Kruger’s grassland biome

Grasslands (locally, ‘Grassveld’) predominate on the central high plateau, inland areas of the Kwa-Zulu Natal seaboard and other mountainous areas of the Eastern Cape. They cover a vast area of around 343,000 square kilometres. They are an important though less dominant part of the Kruger landscape.

Central Kruger plains, sheldrickfalls

Grasslands vary in height above mean sea level, occurring from 300m to 2,850m. Climatic conditions prevalent in the grasslands are those of relatively high summer rainfall of 400 to 2,000mm per annum, Winter may bring average lowest temperatures of below 10C.

Along our wonderful escarpments fog is quite common and lends an air of mystery and foreboding to these areas. On the lowland plains, mornings can be misty.

Lion in mist at Sabi Sabi

Sparsely populated with trees and other woody vegetation, this biome is, as the name implies, almost completely dominated by grass communities (plants from the Poaceae family), with geophytes (often bulbous type plants with their buds close to the soil surface) being locally abundant and adding magnificent splashes of colour and interest.

Prevalent species include irises, daisies, mints, orchids, aloes, Euphorbs, bracken, crassulas, everlastings, ericas, lobelias, and proteas.

The proliferation of other woody plant communities is curtailed by frosts, fire and the actions of grazing animals, although in recent times man has had a massive effect on the functioning, transformation and degradation of grasslands.

The pictures below look toward Iron Mountain and the Wolkberg Wilderness area from Magoebaskloof taken in 1923 and again in 1992. These grasslands and associated habitats are some of the most threatened in southern Africa.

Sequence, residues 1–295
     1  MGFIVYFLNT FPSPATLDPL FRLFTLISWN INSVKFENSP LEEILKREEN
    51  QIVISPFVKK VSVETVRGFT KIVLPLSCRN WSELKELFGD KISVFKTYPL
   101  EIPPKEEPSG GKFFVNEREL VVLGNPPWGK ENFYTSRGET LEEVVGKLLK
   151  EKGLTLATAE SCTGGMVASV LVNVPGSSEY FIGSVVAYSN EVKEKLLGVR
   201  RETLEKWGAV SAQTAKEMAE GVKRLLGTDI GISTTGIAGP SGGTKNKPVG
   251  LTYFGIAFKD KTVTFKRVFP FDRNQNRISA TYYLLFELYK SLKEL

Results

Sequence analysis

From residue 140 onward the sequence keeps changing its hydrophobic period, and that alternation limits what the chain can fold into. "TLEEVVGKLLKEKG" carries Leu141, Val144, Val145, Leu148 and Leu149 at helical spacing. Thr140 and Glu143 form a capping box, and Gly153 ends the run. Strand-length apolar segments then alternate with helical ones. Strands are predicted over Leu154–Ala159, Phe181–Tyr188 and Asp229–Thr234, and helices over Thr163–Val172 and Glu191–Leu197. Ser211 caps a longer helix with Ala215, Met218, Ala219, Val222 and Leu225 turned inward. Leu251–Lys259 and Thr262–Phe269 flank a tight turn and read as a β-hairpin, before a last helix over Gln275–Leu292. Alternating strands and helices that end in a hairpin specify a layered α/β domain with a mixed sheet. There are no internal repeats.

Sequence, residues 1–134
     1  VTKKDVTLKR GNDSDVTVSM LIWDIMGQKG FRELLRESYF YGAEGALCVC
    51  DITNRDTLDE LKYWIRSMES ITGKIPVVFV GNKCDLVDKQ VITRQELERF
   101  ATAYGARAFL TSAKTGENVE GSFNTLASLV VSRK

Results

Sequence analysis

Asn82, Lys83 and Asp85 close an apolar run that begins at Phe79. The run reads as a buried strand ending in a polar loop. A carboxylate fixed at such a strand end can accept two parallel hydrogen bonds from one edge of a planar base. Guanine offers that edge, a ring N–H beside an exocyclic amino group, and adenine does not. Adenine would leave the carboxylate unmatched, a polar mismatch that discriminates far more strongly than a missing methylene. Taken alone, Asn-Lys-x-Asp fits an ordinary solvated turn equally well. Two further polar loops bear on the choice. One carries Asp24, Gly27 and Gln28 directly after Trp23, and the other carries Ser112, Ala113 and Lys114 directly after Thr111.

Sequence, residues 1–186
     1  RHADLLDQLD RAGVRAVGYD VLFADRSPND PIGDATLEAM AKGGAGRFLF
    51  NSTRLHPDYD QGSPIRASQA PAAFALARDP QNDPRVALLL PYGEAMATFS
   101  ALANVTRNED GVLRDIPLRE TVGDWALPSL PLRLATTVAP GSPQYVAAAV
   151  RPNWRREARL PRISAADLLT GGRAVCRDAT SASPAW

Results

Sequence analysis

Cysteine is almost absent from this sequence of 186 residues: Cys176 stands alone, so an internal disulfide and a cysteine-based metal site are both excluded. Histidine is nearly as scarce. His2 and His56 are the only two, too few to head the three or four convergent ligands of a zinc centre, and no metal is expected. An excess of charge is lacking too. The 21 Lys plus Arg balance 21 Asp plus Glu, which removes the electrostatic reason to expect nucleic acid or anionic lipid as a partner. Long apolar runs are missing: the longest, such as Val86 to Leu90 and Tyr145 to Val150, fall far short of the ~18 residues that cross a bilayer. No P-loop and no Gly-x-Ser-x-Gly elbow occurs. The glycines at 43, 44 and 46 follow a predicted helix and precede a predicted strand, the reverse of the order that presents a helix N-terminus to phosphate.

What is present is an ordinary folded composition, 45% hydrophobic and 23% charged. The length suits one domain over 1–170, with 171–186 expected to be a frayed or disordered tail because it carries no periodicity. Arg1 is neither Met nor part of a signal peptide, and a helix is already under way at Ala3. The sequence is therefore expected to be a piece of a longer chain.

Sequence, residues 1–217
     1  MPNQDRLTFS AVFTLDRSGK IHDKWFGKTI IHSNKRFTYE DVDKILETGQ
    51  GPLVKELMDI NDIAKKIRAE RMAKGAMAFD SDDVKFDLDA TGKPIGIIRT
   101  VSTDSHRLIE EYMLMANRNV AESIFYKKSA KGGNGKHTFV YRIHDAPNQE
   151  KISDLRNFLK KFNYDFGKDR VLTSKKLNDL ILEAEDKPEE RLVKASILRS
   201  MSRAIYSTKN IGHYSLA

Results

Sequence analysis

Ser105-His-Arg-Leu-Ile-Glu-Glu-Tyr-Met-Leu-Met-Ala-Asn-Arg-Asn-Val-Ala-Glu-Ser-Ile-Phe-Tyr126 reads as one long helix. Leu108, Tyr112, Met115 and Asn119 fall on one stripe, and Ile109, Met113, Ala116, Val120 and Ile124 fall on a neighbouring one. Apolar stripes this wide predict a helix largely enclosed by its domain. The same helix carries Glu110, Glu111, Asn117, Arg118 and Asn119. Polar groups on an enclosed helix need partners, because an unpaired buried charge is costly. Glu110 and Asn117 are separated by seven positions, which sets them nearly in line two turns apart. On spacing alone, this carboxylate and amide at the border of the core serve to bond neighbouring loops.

Wolkberg's iron mountain, 1923

Wolkberg's iron mountain, 1992

Indeed much of our grassland has fallen to silviculture, agriculture and stock farming, with other areas sorely in need of conservation and strong protection, partly because some of these areas contain mountain wetlands that filter and supply much water to drainage systems leading to populated areas which utilise the water.

Less than ten percent of the total “North-Eastern Mountain Grassland”, a sub-type of the grassland biome here has conservation status.

Up to 45% of these grasslands have been transformed in some way or another by human activity.

Many special bird species occur within these grasslands and their adjacent evergreen forests, together with a multitude of diverse invertebrates and small mammals.

The grassland biome is considered to be one of the three most threatened and one of the most rare found in the country.